Labor rights activists celebrated the House passage of a new bill Thursday they say is a major step forward in ensuring workers’ rights and promoting a more sustainable economy. The Protecting the Right to Organize Act, or PRO Act, would strengthen unions’ bargaining power and defend the right to strike; penalize companies that go after workers who organize; and weaken so-called right-to-work laws that allow workers to opt out of paying dues to unions. The bill is expected to face stiff resistance in the Republican-controlled Senate.
The Washington Post has revealed President Trump’s businesses have been charging the Secret Service up to $650 per night for hotel rooms at his luxury properties, despite past claims that the Trump Organization does not profit from government employees staying at its properties.
Meanwhile, a federal appeals court dismissed a lawsuit Friday that accused Donald Trump of violating the emoluments clause of the Constitution through his businesses. The lawsuit alleges foreign governments and other entities patronize the Trump International Hotel in Washington, D.C., in order to curry favor with the president, putting other businesses at a disadvantage.
The state of New York is planning to sue the Trump administration over its move to bar New Yorkers from certain Trusted Traveler programs, including Global Entry, as retaliation for the state’s pro-immigrant Green Light Law. The law allows undocumented people to apply for driver’s licenses while protecting their personal information from immigration agencies.
The former CEO of an investment firm was sentenced to nine months in prison for bribing his children’s way into elite universities. It is the longest sentence yet of any parent involved in the college admissions scandal known as “Operation Varsity Blues.” Prosecutors say Douglas Hodge, ex-CEO of Pacific Investment Management Co., or PIMCO, paid $850,000 in bribes to get four of his children into USC and Georgetown University as fake athletic recruits.
In Canada, solidarity actions took place across the country as Canadian police continued their raids on Wet’suwet’en land in British Columbia. Indigenous land defenders are fighting the construction of TransCanada’s 400-mile, $4.7 billion Coastal GasLink pipeline. At least 21 people have been arrested since the raids started Thursday. This is a land defender confronting armed police officers.
Land defender: “We are here for humanity, for life! We are unarmed! We are peaceful! You are killers! You are genocidal maniacs! You have your guns pointed at us!”
The last member of the MOVE 9 was released from a Pennsylvania prison Friday. Fifty-nine-year-old Chuck Sims Africa spent 41 years behind bars. Nine members of the radical, black liberation, anti-police-brutality group MOVE were convicted in the 1978 killing of Philadelphia police officer James Ramp. Since 2018, seven members have been released on parole. Two others died behind bars.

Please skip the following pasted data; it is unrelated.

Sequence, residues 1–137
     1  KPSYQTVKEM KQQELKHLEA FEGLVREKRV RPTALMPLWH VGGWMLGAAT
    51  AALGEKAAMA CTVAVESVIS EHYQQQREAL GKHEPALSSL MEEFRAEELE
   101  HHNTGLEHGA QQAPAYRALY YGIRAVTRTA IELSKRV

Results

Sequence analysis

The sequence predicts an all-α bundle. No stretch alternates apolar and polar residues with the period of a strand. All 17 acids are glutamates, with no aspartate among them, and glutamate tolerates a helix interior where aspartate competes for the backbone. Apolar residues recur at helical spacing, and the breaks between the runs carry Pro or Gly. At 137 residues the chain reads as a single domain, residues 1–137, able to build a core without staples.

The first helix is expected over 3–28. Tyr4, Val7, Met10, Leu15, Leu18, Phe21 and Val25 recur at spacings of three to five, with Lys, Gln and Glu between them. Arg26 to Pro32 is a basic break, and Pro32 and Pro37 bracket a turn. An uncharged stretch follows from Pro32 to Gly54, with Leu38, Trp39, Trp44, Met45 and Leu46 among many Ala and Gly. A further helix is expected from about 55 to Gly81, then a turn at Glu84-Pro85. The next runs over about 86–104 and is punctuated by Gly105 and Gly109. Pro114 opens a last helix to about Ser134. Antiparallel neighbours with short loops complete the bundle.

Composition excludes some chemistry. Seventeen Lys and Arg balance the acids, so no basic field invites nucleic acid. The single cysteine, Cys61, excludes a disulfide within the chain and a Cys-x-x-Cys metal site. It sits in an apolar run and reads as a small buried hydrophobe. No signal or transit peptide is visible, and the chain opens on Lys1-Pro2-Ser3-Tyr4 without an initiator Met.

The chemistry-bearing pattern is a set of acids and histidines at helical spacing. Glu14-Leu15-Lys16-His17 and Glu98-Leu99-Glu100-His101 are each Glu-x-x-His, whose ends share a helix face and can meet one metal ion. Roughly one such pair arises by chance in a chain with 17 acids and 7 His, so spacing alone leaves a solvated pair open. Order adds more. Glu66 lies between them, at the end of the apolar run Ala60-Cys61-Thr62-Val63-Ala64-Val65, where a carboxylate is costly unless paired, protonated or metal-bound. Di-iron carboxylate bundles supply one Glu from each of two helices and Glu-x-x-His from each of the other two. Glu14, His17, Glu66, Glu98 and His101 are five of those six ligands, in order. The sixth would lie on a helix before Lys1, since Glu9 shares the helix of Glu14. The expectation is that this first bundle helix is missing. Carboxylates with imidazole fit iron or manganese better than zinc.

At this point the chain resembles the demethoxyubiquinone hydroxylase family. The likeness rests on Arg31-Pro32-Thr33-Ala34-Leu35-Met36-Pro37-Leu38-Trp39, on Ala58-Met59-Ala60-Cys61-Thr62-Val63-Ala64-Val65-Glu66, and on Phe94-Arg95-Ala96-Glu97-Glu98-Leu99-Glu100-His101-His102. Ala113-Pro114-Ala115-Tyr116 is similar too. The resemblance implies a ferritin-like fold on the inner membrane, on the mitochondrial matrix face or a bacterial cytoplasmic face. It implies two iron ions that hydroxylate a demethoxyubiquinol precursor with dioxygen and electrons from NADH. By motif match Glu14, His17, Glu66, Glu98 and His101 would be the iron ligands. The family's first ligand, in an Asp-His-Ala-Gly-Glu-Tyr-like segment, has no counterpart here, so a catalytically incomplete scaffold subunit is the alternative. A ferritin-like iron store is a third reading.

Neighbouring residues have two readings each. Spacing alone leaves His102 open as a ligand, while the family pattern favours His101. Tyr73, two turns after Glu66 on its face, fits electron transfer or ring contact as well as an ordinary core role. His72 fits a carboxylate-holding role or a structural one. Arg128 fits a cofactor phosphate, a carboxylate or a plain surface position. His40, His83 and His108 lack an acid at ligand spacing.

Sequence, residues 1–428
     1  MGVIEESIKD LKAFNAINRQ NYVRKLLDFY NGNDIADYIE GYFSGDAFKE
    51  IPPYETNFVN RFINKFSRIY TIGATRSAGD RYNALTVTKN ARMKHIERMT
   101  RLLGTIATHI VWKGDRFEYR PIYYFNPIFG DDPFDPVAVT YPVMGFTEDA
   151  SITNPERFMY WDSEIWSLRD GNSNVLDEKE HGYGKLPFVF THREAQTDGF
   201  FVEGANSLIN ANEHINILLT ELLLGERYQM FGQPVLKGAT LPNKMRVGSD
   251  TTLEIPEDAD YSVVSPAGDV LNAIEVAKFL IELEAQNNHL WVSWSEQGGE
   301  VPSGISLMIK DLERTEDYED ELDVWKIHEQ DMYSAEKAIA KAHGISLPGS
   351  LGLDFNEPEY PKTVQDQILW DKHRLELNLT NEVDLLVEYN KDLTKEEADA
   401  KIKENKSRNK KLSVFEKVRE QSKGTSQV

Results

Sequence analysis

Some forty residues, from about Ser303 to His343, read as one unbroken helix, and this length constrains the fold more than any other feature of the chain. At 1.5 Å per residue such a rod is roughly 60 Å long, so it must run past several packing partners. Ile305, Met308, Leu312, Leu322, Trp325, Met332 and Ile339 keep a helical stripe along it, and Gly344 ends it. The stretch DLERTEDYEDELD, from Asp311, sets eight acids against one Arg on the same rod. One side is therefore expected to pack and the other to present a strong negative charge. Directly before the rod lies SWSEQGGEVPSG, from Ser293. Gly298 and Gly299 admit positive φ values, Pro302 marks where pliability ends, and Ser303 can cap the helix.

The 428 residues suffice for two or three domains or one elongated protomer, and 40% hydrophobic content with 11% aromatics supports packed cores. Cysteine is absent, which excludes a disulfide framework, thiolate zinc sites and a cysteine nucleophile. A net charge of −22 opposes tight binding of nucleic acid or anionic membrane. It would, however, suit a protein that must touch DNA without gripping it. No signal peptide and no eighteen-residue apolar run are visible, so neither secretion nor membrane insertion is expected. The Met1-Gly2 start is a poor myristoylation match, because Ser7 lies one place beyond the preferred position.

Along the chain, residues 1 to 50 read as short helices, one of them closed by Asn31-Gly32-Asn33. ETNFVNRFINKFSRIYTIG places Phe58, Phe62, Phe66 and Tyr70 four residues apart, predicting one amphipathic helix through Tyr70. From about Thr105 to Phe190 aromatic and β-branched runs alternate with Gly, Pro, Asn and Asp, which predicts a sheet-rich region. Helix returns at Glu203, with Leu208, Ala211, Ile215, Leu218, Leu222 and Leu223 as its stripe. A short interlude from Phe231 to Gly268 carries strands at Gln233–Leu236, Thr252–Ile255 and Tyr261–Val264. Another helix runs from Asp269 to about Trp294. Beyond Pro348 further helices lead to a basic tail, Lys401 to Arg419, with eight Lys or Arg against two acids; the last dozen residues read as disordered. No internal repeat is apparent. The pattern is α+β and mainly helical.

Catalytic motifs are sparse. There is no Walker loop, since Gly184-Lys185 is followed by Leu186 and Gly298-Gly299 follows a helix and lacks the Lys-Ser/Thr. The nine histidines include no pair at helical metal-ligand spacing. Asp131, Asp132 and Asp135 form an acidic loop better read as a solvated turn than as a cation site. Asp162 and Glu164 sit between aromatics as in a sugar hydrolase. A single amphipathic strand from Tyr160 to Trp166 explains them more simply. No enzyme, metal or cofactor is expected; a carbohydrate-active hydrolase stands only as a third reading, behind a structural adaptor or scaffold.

South Korean film “Parasite” has become the first non-English-language film to win the Academy Award for Best Picture. The film has been widely praised for taking a critical look at capitalism. “Parasite” director Bong Joon-ho also made history as the first Korean director to win an Oscar. New Zealand filmmaker Taika Waititi became the first indigenous director — and first Maori director — to win an Oscar for the film “Jojo Rabbit.” Hosts and artists called out the lack of diversity in the year’s nominations. This is Steve Martin and Chris Rock delivering the opening monologue.
Chris Rock: “So many great directors nominated this year.”
Steve Martin: “I don’t know, Chris. I thought there was something missing from the list this year.”
Chris Rock: “Vaginas?”
Steve Martin: “Yeah, yeah.”
Chris Rock: “Yeah. Cynthia Erivo is here tonight. Cynthia did such a great job in 'Harriet' hiding black people that the Academy got her to hide all the black nominees. Is Eddie Murphy under the stage?”
Steve Martin: “Eddie, I loved you in 'Dolemite'! Well, you know, think, Chris. Sorry, think how much the Oscars have changed in the past 92 years.”
Chris Rock: “Yeah, they changed a lot, Steve.”
Steve Martin: “Yeah, they have. You know, back in 1929, there were no black acting nominees.”
Chris Rock: “No. And now, in 2020, we got one.”
Singer and actor Janelle Monáe took to the stage as the opening music act of the night.
Janelle Monáe: “It’s time to come alive, because the Oscars is so white. It’s time to come alive.”
Meanwhile, actor Natalie Portman wore a cape on the red carpet with the names of snubbed female directors embroidered on it. The Academy remains 68% male and 84% white.
Other winners of the night include former NFL wide receiver African-American filmmaker Matthew Cherry for the animated short “Hair Love,” which celebrates natural hair. Cherry dedicated the award to Kobe Bryant. “American Factory” took home best documentary.